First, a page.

Expert Reviews – Tsavo West NP
Brian is an award winning travel writer, author of safari books and regular contributor to magazines such as BBC Wildlife and Travel Africa.
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Crystal waters in a thirsty land
From the foot of the Chyulu Hills all the way down to the Tanzanian border, Tsavo West is a wild and broken land of volcanic hills, black lava flows and dense acacia woodland that makes game viewing harder than on the open plains of the Masai Mara. Nevertheless, all the Big Five can be seen – if you include the black rhinos in their heavily protected sanctuary at Ngulia. Also well worth a visit are the world famous pools of Mzima Springs. There’s a hide where you can watch hippos underwater through its plate glass windows, and the birding is great, too.
It’s possible to clock up 500 species in Tsavo, including must-see specials such as golden pipits and vulturine guinea fowl. Kilaguni and Ngulia - two of Kenya’s oldest-established lodges – are situated in the park. Both overlook waterholes where elephant and sometimes leopard come to drink. But for a truly luxurious Out-of-Africa experience you must stay at Finch Hatton’s – a paradise of fever trees and crystal pools alive with hippos, crocodiles and giant kingfishers.
Anthony is a photographer and writer for travel magazines and Lonely Planet, including the guides to Kenya and Botswana & Namibia.
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Tsavo West – Kenya’s Southern Wilderness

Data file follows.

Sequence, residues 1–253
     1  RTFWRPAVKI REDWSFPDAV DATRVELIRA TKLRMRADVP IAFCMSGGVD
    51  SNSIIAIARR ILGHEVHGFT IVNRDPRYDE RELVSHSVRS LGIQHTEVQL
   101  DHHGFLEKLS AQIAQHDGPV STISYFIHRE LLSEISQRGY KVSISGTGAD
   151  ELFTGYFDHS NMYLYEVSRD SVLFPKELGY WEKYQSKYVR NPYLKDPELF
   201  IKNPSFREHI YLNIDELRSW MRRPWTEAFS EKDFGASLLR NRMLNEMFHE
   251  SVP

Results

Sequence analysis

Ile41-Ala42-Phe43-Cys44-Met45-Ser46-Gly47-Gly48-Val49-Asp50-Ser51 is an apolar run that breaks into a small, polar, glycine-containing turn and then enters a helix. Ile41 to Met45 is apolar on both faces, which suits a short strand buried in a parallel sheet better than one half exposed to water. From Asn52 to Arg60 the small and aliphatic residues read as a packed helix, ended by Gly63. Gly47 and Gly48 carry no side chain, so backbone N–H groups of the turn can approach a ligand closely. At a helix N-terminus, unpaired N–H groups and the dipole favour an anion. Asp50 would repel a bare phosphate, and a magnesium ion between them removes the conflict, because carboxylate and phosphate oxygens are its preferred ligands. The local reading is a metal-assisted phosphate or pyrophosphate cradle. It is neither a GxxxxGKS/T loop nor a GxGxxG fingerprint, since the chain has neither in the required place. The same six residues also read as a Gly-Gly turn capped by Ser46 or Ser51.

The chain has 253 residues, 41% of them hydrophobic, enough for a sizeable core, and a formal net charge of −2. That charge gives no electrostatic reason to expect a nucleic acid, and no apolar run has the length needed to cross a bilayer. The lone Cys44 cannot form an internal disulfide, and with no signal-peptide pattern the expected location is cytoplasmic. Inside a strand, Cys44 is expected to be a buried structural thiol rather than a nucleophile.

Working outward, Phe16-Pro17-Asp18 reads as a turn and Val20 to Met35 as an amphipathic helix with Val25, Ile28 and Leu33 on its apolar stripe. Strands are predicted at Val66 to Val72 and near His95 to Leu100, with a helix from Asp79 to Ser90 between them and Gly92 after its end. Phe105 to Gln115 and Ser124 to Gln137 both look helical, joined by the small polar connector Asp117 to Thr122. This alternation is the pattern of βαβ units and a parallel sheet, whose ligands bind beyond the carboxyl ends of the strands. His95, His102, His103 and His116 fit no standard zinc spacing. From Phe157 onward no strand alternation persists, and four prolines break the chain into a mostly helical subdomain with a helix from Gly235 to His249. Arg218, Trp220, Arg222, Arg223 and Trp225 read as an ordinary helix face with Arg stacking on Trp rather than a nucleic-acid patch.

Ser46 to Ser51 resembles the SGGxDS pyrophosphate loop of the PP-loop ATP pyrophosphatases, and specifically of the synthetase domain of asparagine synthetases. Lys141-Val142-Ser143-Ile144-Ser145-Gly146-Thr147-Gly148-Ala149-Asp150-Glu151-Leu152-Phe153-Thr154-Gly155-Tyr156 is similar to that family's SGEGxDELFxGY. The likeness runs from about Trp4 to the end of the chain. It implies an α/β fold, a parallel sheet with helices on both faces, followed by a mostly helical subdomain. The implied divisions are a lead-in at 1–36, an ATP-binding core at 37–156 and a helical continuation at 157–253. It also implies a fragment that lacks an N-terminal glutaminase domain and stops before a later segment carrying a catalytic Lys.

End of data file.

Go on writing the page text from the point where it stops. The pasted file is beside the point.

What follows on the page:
The vast and uninhabited plains of Tsavo West is high on my list of favourite Kenyan safari destinations. Wildlife densities are much lower here than the Masai Mara or even Tsavo’s other half away to the east. But the shaggy maned lions of Tsavo – descendants of the legendary man-eaters of Tsavo – are one of East Africa’s more memorable sights and easily seen, while some of my best-ever leopard sightings were in Tsavo West’s Rhino Valley, in the shadow of the dramatic Ngulia Hills. Buffalo and red-hued elephants are also common, while the 90-sq-km Ngulia Rhino Sanctuary, complete with armed guards, has been a huge success in bringing the black rhino back from the brink of extinction – there are around fifty black rhinos in the sanctuary, with another 15 or so having been released into the wider park. In addition to the chance to see all members of the Big Five in a single day, Tsavo West has a lonely, lost-in-Africa feel to it, a feeling you won’t find anywhere else in Kenya.
Melissa is an award winning travel writer for Fodors, Frommers and Insight, including guides to Tanzania, Kenya, Zimbabwe and South Africa.
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Tsavo West – go with the flow
Tsavo is wild, untamed and empty. It is by far the largest park in Kenya, covering about 4 percent of the country and is officially split into two separate national parks, Tsavo East and West, divided by the main Nairobi-Mombasa road. It’s also linked to the Chyulu Hills National Park to the west, Tanzania’s Mkomazi Game Reserve and various private game conservancies spreading the gigantic swathe of protected land still further to the size of a medium-sized country. Tsavo West covers 9,065 sq kms (3,500 sq miles).
Tsavo West is far more heavily developed for tourism than Tsavo East. It’s here that you will find most of the luxury lodges, within easy reach of the main road, set on the slopes of the Chyulu Hills. Some, such as the stunning Kilaguni Serena Lodge have superb views across to Mt Kilimanjaro. Both sections of Tsavo have extraordinary wildlife and there are around 500 species of bird in the park but there are also huge amounts of space in which the animals can spread out, so expect to do a lot of driving and keep your eyes peeled. Having said that, with most lodges built around waterholes, some of the best gameviewing can be from your hotel balcony. On my last visit, I was lucky to spot an aardvark a few yards from my room. A rare treat.